As Mark Zuckerberg testifies to Congress today, you might get a notification about the Cambridge Analytica app. Even if you don't, today's a day to think about security.
Mark Zuckerberg will testify at two congressional hearings this week. He'll testify about the ongoing saga between Cambridge Analytica and Facebook and Russia's use of Facebook to influence the 2016 Presidential Election. From the prepared remarks released on Monday it looks like Zuckerberg will talk about security in a way he hasn't before. For example, that "security is a problem we'll never totally solve ...” This is an interesting admission, it means that even top tech companies struggle to keep up with security threats. Defense in depth and prevention are important parts of protecting your assets and you need to add an additional layer of protection with a social media security vendor.
At the center of the Cambridge Analytica incident is a personality survey and Cambridge researchers. In 2013, Facebook users had an opportunity to learn more about their personality by installing a Facebook app and taking a survey. It wasn't disclosed that the researchers would later sell the data to another customer. People who took the quiz were also rather unlikely to notice that they would be granting the app access to a wealth of their own Facebook data and to the Facebook data of *all* of their friends (in 2014, the average Facebook user had 338 friends).
Even if you don't watch Zuckerberg's testimonies, it's a good time to think about your company's privacy and security.
On Monday, April 9, Facebook began notifying people who were affected by the thisisyourdigitallife survey. If you see the notification it could mean that you installed the app and took the survey in 2013, or that your data was accessed after one of your friends installed the app. Unfortunately there isn't much you can do if you are one of the 87 million people who were affected. The downside of this wonderfully connected, data-driven world is that once data is out the door, it's very difficult (if not impossible) to ensure all copies have been deleted or that the data is not misused. Prevention is still the best measure we have. With that in mind, let's take this as an opportunity to do a little security and data privacy housekeeping.
If you haven't already, you should start by downloading a copy of your Facebook data. Seeing how much data is associated with your account is good motivation to delete some old posts or maybe even trim down your Friend list. To download your data:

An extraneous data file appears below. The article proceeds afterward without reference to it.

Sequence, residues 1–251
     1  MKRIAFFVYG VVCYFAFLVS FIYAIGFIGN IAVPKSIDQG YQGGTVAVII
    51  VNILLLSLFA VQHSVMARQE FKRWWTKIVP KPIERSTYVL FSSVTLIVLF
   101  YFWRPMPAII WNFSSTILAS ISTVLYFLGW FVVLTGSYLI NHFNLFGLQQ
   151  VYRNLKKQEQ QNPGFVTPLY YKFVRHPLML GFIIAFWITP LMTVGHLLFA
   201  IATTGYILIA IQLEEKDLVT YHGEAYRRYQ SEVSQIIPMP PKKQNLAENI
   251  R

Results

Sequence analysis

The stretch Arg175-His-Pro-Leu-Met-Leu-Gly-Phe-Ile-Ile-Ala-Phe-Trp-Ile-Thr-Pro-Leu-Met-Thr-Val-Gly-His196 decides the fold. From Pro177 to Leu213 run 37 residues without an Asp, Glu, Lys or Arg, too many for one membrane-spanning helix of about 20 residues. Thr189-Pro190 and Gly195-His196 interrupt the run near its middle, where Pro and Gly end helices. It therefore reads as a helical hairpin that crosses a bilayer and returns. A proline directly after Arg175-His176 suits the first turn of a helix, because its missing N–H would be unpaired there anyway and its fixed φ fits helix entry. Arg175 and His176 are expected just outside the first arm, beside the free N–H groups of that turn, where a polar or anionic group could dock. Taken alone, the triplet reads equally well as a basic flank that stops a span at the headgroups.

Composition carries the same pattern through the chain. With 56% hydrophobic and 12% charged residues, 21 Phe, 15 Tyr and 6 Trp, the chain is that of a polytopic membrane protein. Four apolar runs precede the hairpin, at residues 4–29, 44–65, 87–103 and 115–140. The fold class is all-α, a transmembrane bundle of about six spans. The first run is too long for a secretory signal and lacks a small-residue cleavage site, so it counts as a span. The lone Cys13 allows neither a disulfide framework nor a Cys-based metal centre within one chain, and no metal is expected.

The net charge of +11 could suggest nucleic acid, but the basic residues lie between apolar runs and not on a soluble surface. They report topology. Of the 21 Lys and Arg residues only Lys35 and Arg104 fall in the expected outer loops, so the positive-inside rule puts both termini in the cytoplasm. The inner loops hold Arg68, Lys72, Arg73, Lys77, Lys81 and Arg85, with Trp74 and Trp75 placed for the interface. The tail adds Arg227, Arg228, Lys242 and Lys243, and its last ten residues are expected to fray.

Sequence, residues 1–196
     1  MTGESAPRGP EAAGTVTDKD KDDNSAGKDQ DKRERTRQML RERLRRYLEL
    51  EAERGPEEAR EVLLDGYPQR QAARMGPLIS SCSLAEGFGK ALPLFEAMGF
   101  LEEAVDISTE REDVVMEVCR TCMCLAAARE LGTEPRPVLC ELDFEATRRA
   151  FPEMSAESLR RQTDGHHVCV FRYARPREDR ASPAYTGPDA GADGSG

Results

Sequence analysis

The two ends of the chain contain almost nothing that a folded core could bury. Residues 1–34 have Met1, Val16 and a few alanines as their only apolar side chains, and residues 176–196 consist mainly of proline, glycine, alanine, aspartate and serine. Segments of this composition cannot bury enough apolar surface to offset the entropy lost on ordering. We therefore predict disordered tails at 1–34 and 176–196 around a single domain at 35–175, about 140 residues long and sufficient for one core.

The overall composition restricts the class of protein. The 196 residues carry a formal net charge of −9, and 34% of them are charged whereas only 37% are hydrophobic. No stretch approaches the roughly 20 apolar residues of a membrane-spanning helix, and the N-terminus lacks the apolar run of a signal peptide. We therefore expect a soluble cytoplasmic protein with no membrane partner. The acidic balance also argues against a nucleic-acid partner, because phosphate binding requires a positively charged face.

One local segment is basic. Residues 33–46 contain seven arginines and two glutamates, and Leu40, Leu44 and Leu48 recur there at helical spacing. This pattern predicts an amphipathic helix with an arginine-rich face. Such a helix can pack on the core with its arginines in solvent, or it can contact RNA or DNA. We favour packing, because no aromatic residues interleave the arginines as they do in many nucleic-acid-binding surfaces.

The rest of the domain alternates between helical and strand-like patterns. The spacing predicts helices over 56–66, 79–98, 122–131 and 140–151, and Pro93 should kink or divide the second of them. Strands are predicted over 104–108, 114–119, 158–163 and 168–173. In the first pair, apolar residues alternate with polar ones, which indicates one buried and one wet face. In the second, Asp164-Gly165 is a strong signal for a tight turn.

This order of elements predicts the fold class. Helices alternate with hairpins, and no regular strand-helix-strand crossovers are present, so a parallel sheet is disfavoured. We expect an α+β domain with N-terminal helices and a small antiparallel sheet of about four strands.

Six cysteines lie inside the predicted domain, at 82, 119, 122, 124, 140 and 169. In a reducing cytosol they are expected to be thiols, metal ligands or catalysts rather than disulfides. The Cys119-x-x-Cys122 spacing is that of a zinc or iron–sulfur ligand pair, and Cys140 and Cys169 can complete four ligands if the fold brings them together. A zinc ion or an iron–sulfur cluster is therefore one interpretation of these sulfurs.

- Sign in to your account
- Go to the Settings page
- Click on "Download my data." This is a two step process, you'll first request the download (part 1), then Facebook will follow up later with a link to download an archive (part 2).
Next, visit your data privacy settings. Check the audience for your past and future posts. Who do you want to see future posts? Most people are comfortable with their Facebook friends seeing posts, others want a more public profile, think hard about when you post to an audience that's broader than your Friends. If you have old posts that you don't want anyone to see anymore but you don't want to delete it, check out the "Only me" option. Do you want search engines to link to your profile? If you're sharing to "Friends" then maybe not, but if you're building a public facing page or account, maybe you do.
Finally, take a minute to check your security settings. Two-factor authentication is a great way to ensure that you and only you can get into your account. If two-factor auth is too much of a commitment or you have other sign-in needs, then turn on alerts for unrecognized logins.
If you're feeling motivated to tinker with the security and privacy settings even further, then check out this EFF guide to learn more.
And if you're still thinking about the notification and wondering if Facebook will tell you which of your friends installed the app. We'll guess: probably not. :)